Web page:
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Greene County residents uneasy about plant being built after Tex. explosions

By Megan Brantley, mbrantley@wcyb.com
Published On: Apr 18 2013 05:03:25 PM CDT
Updated On: Apr 17 2013 11:00:00 PM CDT

Homes surround U.S. Nitrogen in Greene County much like those that were near a fertilizer plant in West, Texas.

GREENE COUNTY, Tenn. -

Homes surround U.S. Nitrogen in Greene County much like those that were near a fertilizer plant in West, Texas.

As you might imagine, that has some folks wondering if that could happen here. They’re concerned because the two plants use similar materials. “We have no details of what they were doing, how they were handling what they were handling,” said Justin Freeark, U.S. Nitrogen’s Plant Manager.

Freeark says OSHA and the EPA hold them to high standards. "A tremendous amount of attention is paid to how the facility is designed, where it's built, how it's built, and the quality of the material going into the facility. Inspections of the equipment to ensure that everything we can do is done to prevent the release of highly hazardous chemical," said Freeark.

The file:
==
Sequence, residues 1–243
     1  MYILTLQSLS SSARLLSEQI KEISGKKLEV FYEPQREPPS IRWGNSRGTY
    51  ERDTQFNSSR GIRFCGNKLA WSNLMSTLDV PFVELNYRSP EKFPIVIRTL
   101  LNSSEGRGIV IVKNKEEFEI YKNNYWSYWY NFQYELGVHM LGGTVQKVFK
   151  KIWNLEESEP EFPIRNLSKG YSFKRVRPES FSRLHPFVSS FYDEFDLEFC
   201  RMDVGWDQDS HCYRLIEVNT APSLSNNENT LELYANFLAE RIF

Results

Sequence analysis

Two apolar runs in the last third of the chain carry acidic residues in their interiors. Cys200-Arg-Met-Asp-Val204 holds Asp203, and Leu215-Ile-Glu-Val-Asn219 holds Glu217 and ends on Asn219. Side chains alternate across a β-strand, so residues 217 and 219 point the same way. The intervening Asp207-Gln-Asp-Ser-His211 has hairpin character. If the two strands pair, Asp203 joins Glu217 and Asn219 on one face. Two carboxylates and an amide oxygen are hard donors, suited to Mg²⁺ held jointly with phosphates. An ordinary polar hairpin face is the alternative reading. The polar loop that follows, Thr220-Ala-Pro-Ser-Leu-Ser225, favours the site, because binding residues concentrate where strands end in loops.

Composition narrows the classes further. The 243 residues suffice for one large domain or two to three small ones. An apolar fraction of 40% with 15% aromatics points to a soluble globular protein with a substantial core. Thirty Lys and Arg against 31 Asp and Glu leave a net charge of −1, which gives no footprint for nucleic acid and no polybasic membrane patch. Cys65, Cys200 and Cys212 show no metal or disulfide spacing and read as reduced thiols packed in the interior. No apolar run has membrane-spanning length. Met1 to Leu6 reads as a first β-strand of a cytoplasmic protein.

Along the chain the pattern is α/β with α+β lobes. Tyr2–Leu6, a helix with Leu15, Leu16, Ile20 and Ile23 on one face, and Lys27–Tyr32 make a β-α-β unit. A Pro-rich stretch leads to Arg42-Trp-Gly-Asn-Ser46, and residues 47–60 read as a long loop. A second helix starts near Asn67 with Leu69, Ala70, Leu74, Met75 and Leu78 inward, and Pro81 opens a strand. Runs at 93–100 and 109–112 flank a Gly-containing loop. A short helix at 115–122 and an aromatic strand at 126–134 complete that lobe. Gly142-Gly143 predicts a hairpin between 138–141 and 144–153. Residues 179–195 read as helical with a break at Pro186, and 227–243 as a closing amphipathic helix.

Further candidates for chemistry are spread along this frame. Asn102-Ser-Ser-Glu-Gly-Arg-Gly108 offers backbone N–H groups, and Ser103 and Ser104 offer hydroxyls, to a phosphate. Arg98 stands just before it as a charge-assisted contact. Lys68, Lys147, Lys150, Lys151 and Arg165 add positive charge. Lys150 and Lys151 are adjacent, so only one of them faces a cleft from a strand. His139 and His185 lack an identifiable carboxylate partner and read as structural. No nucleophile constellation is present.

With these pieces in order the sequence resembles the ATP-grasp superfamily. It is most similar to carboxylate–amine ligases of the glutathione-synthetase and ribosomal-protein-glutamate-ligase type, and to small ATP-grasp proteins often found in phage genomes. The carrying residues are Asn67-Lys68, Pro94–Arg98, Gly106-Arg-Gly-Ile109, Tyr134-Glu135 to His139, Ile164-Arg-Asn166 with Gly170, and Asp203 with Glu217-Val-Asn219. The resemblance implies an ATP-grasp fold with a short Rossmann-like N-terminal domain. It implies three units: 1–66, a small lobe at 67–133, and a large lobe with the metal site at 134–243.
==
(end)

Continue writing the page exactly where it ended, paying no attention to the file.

Freeark tells us the products are not as dangerous as those at the Texas plant, because it is a different kind of ammonium nitrate. "The products we make are not by nature explosive or hazardous, the final product is a liquid ammonium nitrate solution, which is ammonium nitrate dissolved in water; making it very stable and safe to handle," said Freeark.

Even with non-hazardous materials, Freeark tells us safety is still the number one concern, saying they even have a great working relationship with the Greeneville Fire Department. "We know the hazards that are here. We know their training levels, they know our training levels. We're training and integrating together," said Mark Foulks, Greeneville Fire Chief.

We spoke to one resident who lives not even a mile from the plant and he says he feels confident in the company and isn't worried. "I think they'll take care of it themselves and they won’t have any problems. I think they probably know what they're doing,” said John Allison.

"If I could find a house, I would live next door to the plant," said Freeark.

Freeark told us they plan to monitor the investigation in Texas and see what lessons there are to be learned.